[time-nuts] To use or not to use transmission line splitters for GPS receivers

Bob Camp lists at rtty.us
Wed Oct 10 07:09:43 EDT 2012


…. and if we have to go to something more exotic than simple two pole filters the group delay (and it's variation) has got to go up.

At least some of the HP splitters have RF filters in them. The same is true of GPS receivers. A receiver or splitter in the attic will have many of the same group delay issues as an antenna. I know, who would put one in the attic. Just how warm does that rack get as the air-conditioning cycles and the vents clog up? 


On Oct 10, 2012, at 4:11 AM, Magnus Danielson <magnus at rubidium.dyndns.org> wrote:

> Hi!
> I forgot to mention, but the peak group delay of a pole pair is d_peak = 2*Q/w0 = Q / (pi * f0)
> Hence, the group delay increases linearly with increasing Q values. Shift the Q, and your delay vary, shift the center-frequency, and you dip off the peak.
> Cheers,
> Magnus
> On 10/09/2012 10:55 PM, Magnus Danielson wrote:
>> On 10/09/2012 09:27 PM, John Ackermann N8UR wrote:
>>> Here's a link to a USNO paper that measured the tempco of three GPS
>>> amplifiers: http://www.dtic.mil/cgi-bin/GetTRDoc?AD=ADA490830
>>> They found that amplifier filtering was the prime cause of tempco, and
>>> the narrowest bandpass amplifier they looked at had a group delay range
>>> of 4 nanoseconds over the range of -15 to +45 degrees C.
>> This is a good paper. I've read it before. It presents three strategies
>> for GPS amplifiers:
>> 1) Wide-band amplifier, represented by the AOA Wideband amplifier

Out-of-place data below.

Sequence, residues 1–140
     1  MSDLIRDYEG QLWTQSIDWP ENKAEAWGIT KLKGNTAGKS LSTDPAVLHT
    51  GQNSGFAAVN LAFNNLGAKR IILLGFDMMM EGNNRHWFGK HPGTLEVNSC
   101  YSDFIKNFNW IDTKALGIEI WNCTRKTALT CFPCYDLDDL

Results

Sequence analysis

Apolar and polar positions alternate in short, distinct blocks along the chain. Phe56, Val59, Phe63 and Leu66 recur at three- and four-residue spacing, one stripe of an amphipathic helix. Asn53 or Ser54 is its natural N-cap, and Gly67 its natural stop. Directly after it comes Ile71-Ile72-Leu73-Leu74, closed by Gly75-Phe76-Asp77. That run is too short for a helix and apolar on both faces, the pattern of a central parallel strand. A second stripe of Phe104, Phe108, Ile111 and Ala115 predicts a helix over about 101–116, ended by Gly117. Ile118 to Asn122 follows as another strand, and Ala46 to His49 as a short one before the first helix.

>> 2) Narrow-band amplifier with peaks, represented by the AOA narrow band
>> amplifier
>> 3) Narrow-band amplifier with no peaks, represented by the KW microwave
>> phase-stable narrow band amplifier.
>> The wide-band amplifier has around 4 ns group delay, and it is fairly
>> flat and stable. Since there isn't much delay to start with, it doesn't
>> change a whole lot either. Since the amplifier isn't very flat, it also
>> has some variations in group delay. It's fairly natural. The downside is
>> that it has no suppression of interference, so we should do some damping.
>> The second case tries to achieve just that, but in order to create steep
>> slopes around the pass-band, they have used two resonances, one on each
>> side of the pass-band. You see the peaking effect on the gain curve of
>> figure 1, but oh... they show up clearly in the group delay measurement
>> of figure 2 too. This is expected from the theory, as these two
>> pole-pairs has fairly high Q, their group delay will show this property
>> in the direct vicinity of their respective resonances, just as their
>> contribution to gain will do. So, nice steep slopes and good
>> suppression, but lots of group delay, and by that higher sensitivity to
>> environmental effects, i.e. temperature.
>> The third example shows wider but much flatter amplitude response, and
>> essentially flat group delay. This is what you expect from maximum flat
>> group delay filters such as Bessel/Thompson. No wonders those are
>> specified as measuring filters for digital transmission. Lesser delay,
>> and lesser sensitivity. The downside is that the cost of steep slopes
>> comes from a higher number of needed poles/zeros.
>> Just as I expect from traditional signal theory.
>> Again, you get what you pay for.
>> Now you know why I want a network analyzer reaching this area at home.
>> Cheers,
>> Magnus
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